Here are five timely tips that will help you maximize the benefits of RRSPs for your future.
1. Work out how much you’ll need to retire
In general, you need between 50 to 70 per cent of your current annual income for retirement. However, the amount you need to invest to realize your target retirement income can be affected by several factors. These include your retirement age, lifespan, investment growth, your retirement spending, your tax rate after you retire, and any additional income you may receive.
To help with planning, crunch the numbers for various investment scenarios and how these numbers affect your retirement finances. Use this information to determine an action plan for regular RRSP investments, through pre-authorized payments to your portfolio with each pay cheque.
2. Tackle both debts and your retirement investments
Make it a priority to pay down high interest debt, but don’t let debt payment be at the expense of your long-term financial well-being. If you see your debts and your RRSP as either-or options, you will likely pay down your debts (a financial obligation) and neglect your RRSP (a choice you can push off).
If debt and other financial obligations are competing with your RRSP investments, your financial planner may be able to help you develop a plan that works for your situation. Often a small, regular investment can go a long way and you might be able to find the money by budgeting and reduced spending.
3. Determine which registered investment account works best for you
The RRSP and Tax Free Savings Account (TFSA) are both registered accounts that provide alternate options for retirement investments. It’s important to understand their differences so you can decide which is better for you. For example, RRSP contributions are tax deductible, while TFSA contributions are not. RRSP investments grow in a tax-deferred account, while assets in a TSFA grow in a tax-sheltered account. Also, you can use RRSPs only for retirement investments, while you may use a TFSA for general savings/investments, in addition to retirement.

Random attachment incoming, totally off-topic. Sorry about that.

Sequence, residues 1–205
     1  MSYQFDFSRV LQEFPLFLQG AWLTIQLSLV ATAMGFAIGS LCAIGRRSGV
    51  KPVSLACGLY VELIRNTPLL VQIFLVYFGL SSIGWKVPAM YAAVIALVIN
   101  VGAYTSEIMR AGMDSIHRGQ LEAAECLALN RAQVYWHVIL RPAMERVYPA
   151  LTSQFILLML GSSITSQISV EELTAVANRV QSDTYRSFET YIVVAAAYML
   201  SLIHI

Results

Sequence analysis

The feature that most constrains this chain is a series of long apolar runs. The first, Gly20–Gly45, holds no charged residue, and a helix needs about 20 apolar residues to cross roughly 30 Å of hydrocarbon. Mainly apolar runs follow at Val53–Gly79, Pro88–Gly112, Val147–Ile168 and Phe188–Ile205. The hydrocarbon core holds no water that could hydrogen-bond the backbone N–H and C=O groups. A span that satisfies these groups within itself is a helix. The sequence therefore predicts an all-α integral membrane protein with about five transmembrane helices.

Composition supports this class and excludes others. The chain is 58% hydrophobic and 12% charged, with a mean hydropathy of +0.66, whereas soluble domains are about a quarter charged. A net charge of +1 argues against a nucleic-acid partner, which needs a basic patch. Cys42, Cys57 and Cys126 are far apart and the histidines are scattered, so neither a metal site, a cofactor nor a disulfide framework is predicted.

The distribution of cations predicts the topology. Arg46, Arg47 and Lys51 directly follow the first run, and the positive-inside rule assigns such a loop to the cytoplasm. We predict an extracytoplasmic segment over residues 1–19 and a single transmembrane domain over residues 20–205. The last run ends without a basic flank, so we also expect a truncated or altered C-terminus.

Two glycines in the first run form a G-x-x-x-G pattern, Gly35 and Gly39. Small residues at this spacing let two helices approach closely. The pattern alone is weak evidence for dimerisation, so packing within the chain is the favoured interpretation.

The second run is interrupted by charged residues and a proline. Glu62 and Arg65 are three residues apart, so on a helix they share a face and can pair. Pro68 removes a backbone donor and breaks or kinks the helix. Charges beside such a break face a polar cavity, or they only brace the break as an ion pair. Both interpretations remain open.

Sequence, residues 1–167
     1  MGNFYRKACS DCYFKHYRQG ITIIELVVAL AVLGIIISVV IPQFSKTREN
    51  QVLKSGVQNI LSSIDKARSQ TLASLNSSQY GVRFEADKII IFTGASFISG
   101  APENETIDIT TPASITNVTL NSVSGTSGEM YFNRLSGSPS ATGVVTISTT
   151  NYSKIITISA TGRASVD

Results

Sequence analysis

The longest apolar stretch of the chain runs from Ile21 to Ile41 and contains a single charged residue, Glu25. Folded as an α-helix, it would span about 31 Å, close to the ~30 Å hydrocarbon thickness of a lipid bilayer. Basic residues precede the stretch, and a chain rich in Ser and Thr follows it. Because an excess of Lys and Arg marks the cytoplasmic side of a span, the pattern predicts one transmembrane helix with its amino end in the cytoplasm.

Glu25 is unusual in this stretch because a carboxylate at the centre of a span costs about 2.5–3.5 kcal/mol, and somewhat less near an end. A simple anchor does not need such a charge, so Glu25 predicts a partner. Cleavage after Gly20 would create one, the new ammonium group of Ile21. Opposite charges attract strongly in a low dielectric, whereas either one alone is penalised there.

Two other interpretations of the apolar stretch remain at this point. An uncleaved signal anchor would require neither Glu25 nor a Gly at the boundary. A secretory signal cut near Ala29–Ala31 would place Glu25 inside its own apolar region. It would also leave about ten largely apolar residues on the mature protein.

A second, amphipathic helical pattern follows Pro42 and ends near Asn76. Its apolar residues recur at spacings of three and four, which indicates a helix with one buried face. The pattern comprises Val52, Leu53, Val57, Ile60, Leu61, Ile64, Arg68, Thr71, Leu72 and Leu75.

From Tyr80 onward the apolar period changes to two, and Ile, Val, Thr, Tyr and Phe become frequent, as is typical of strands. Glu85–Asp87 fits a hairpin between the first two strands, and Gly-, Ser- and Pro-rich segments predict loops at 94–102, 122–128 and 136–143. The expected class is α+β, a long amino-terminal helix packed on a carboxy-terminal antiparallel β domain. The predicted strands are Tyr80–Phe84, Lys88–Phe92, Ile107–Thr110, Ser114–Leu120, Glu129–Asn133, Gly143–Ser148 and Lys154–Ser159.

4. Consider tax reduction strategies like spousal contributions
RRSPs reduce your tax since most contributors will likely be in a lower tax bracket when they withdraw the funds while they’re retired. But depending on factors such as other income you receive, the tax can vary.
Spousal RRSP contributions provide a good tax reduction strategy. It allows the spouse who expects to be in a higher income bracket in retirement to invest in his or her partner’s RRSP. When the spouse with the lower income withdraws the money in future, the couple will have a lower tax bill. Talk to your financial planner if you’d like to consider spousal RRSP contributions.
5. Keep your RRSPs for when you’re retired
Resist the urge to draw on your RRSP investments before you retire. You want to keep your RRSP for what it’s intended for—your retirement nest egg.
Exceptions to this principle are withdrawals under the Home Buyer’s Plan to purchase a first home or using part of your RRSP to finance your education through the Lifelong Learning Plan. Withdrawals under these two plans may be justified “investments” (in real estate and in your career). But only withdraw amounts you can repay as soon as possible, so your retirement is not affected.
There’s a lot to know, but it doesn’t have to be complicated.
Book an appointment with a financial advisor who can answer your questions and help get you set up for a blissful retirement.